And of course, if you’re us you don’t go all the way to New Zealand and not tour Hobbiton. The occasional rain burst didn’t stop us having a great time. The setting was literally fantastic and the attention to detail was mind boggling. The place felt real and lived in – and some part of me wouldn’t have been surprised if a door had opened and a Hobbit had poked its head out. We had booked the “Evening Banquet Tour” so our tour group was alone in the set – no group ahead or behind us. The late day lighting added to the magic of the place, and I’m happy to say I was plesantly surprised by the banquet bit. After dinner and several dessert courses (‘urp) we picked up appropriately themed lanterns and headed back into the set, taking a moment as a group to turn off the lights and gaze up at the stars through a cinematically timed break in the evening clouds.

The Shire

On the morning we left the Air B&B we took separate paths. Dawnise and I headed off to visit the Waitomo limestone and glow worm caves taking the long way back to Auckland.


The following day we dropped off the hire car back in the city and wandered around Auckland a bit. We found very respectable Mexican food, good coffee and possibly the most pretentious ice cream ever before catching the bus back to their place.

And then Dawnise got… a cold. Nothing horrible, just some sinus congestion and fatigue, but most unwelcome.

We spent the last couple days hanging out with our friends – playing games, chatting, sharing meals. The day we left we played games basically right up to when we needed to leave for the airport.

Our flight from Auckland to San Francisco was slightly delayed, but a longer stop in SFO meant we just spent a bit more time waiting in AKL and a bit less time waiting in SFO. We departed for London on schedule – a couple hours before we’d left Auckland (timezones are weird).

The flights were long but basically uneventful, aside from the turbulence that seems nearly guaranteed to happen just as they’re serving drinks and dinner.

Dawnise even managed to get some sleep in transit.

When we got back to the flat we had missed my brother by an hour or so – he waited to know we were on the final flight home before heading out on an overnight trip to York – and the cats seemed to mostly not notice or care we were back.

We unpacked, showered off 30 hours of travel grime and went to get some groceries. With some help from a re-run of Alan Davies: As Yet Untitled we even managed to stay up to a mostly reasonable hour before surrendering to sleep.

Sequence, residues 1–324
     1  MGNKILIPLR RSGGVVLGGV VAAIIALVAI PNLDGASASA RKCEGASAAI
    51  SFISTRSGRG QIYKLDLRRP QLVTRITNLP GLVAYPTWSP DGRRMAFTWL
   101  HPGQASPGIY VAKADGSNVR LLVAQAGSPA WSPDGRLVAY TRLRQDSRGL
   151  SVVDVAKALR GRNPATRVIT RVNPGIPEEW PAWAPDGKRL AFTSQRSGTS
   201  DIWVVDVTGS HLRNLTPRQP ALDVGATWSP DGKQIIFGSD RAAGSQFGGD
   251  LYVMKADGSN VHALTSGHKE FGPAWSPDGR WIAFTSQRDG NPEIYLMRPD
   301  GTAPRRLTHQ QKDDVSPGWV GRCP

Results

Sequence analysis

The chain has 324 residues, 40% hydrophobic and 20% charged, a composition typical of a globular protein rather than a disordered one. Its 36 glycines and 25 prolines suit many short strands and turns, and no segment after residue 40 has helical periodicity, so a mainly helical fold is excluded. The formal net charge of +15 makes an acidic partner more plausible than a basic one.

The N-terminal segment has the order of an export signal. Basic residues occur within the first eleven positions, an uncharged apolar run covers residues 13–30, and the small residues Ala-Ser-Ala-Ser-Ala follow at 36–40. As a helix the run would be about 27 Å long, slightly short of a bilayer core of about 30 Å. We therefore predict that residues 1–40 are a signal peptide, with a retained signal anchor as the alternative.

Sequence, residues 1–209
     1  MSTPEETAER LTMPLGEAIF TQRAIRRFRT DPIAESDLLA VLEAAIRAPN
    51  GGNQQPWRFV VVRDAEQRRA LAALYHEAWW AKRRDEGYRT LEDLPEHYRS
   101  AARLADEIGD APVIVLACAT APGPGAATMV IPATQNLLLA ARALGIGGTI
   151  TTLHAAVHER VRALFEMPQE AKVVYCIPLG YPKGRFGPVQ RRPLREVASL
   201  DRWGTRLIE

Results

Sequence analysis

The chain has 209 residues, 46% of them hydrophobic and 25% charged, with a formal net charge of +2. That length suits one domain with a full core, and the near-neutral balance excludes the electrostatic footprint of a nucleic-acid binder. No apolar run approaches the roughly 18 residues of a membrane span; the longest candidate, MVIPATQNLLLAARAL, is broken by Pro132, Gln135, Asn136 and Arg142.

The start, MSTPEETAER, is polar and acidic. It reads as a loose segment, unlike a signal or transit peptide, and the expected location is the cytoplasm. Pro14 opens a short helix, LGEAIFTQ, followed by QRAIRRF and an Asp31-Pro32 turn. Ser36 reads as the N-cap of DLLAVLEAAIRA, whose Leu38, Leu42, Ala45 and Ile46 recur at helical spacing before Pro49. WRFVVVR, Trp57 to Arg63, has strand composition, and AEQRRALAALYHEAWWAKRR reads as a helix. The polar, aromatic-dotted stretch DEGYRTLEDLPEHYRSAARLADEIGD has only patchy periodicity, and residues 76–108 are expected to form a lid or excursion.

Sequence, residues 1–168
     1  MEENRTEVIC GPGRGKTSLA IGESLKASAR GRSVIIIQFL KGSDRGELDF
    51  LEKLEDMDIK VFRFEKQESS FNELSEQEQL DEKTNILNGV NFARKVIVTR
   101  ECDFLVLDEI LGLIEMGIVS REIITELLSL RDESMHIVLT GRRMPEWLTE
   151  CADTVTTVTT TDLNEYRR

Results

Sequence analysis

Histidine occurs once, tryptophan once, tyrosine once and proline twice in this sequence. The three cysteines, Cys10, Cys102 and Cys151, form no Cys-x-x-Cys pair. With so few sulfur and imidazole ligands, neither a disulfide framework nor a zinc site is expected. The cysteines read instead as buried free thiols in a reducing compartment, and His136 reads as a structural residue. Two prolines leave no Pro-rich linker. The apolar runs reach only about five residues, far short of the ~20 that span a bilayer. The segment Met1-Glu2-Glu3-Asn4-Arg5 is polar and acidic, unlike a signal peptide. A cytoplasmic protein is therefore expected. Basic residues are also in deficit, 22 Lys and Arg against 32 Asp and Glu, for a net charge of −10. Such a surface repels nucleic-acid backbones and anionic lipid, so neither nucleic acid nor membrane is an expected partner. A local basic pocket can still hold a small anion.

It was our first “real” trip in three years – and all things considered went pretty well.

We spent Monday recovering from jet lag, and Tuesday I went back to work – but that’s a story for another time.

Oh, and with a little nudging my brother pushed out his flight home to spend a bit more time “over here,” and make up for the time he spent isolating and recovering from COVID. He’s off to Barcelona in a couple days. Fingers crossed he makes it back for his flight home.

Chatting about the trip through the haze of jet lag Dawnise poignantly observed that our time there felt completely normal.

It was probably the first time she’d said that in three years, and was a sharp and present reminder to us both of how much we miss having these people close, and in our lives.

To Boldly Go…

I woke up ridiculously early this morning (thanks, jet lag!) and learned of the passing of Nichelle Nichols.

I remembered hearing Nichols describing her early experiences on Star Trek, talking about planning to leave the show and being convinced to stay on by Dr. Martin Luther King Jr. [*]

It brought to mind a picture, taken years ago at a Star Trek exhibit at the Seattle Science Fiction Museum, of the epigram “Spock told me it was okay to be smart.”

As a young fan – watching Star Trek long after its initial debut – Uhura’s presence on the bridge, and on away teams, didn’t seem extraordinary. It seemed totally normal. The “diversity” of the crew was just … the way it was.

Before “you can’t be what you can’t see” entered the zeitgeist, Nichols (and Roddenberry) were showing.

Nichelle showed young women of color, and young women broadly, that it was okay to be them. That they could be a critical part of a crew, and be treated as equals.

That they could boldly go … just about anywhere.

Godspeed, Ms. Nichols.